Liam Neeson is hard at home with tough nails, fierce jujitsu skills and ex-cop attire. However, there is no explosive dynamite, but rather a late package that Neeson carries on his shoulders at a steady pace, marking off every checkpoint along his obstacle course. The obstacles are not thick and fast, but they are hollow and potholed. I may have been in a passive mood, but the two killers who Neeson is after appear pathetic on all fronts: they are not scary, they are whimsical in their approach to crime and there is not the slightest chance that they will get away. The victims and their relations, who act as the catalyst for Neeson’s seemingly unprompted involvement, also come across as ill informed and lacking the bite for what should be nail-biting thriller. The plot is straightforward and clear-cut for a no doubt exciting experience, but the elevating spine is missing.
To conclude, it appears that the lack of subtlety, the lack of reasoned time and place of the characters and intelligible events, left me stricken with a rather dry experience.
UK Release by Music Box Films – 26th September 2014
Directed by Pawel Pawlikowski
Brief Synopsis: Ida is about to take her vows when she heads out into the open with her Aunt Wanda on a voyage of discovery. A dark secret of past family trauma relating back to the Nazi occupation awaits. Quite simply, neither life will ever be the same again.
Every frame of this film acts the equivalent to a piece of artwork that one wants to behold. It is meticulously crafted in lightly faded black and white with every mild camera movement articulating the sense of approaching drama. The film is entirely minimalist and beseeches the cold and faded landscapes of a semi-derelict and post-war land. Here is a clear and finely cut case of less is more. Stunning.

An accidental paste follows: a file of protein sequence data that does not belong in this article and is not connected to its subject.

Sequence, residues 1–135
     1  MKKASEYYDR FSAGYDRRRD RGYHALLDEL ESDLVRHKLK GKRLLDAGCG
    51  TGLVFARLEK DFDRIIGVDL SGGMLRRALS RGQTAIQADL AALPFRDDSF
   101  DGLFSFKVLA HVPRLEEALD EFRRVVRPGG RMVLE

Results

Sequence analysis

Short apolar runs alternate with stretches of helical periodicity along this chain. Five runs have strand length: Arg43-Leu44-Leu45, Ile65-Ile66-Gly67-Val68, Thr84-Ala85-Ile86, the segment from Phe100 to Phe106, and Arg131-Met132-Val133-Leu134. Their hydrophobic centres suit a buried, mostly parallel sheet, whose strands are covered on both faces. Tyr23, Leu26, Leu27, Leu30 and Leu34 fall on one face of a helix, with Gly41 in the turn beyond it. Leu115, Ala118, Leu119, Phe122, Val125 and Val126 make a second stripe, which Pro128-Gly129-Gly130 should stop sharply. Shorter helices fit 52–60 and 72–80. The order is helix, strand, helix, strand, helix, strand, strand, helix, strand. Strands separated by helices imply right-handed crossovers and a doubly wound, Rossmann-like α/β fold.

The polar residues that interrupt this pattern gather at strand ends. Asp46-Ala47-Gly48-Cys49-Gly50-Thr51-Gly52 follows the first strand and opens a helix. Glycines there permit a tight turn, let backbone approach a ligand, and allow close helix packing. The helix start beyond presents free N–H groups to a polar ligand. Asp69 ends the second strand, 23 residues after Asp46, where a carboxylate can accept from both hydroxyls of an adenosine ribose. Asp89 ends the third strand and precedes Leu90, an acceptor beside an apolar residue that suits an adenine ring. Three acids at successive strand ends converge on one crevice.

Agata Trzebuchowska is magnifying in her portrayal of a young woman (Ida) on the cusp of becoming a nun. Her deep eyes give off a radiance of complex feelings about the surrounding world. Her long blonde hair is symbolic of her freedom, her beauty and ultimately, the particular power of individual human features. Every object or element in Pawlikowski’s frame begs depth and interpretation of meaning. I won’t get caught up with details here, but the hungry viewer should watch the material with finesse.
Ida’s Aunt, Wanda (Agata Kulesza) leads her on an uneasy road to discovery, yet what she discovers is a haunting depiction of reality and the suffering that lies beyond. Wanda’s character lays the foundations of communist décor in 1960s Poland; she is a retired judge who is excused of any wrongdoing and an outlandish character consistently searching for truth and pleasure. One feels as though the ground may erupt at any moment.
Pawlikowski is not afraid to lead us directly into his narrative, he does not spend lengths developing the characters backgrounds for example; he simply presents us with them and lets the ambiguity draw us inside. This is reason alone to herald the magnificent performances and ingenious camerawork. A number of conclusions can be drawn from this film, a number of insights gained and a number of subtleties left to explore, if so inclined. I will certainly be watching it again.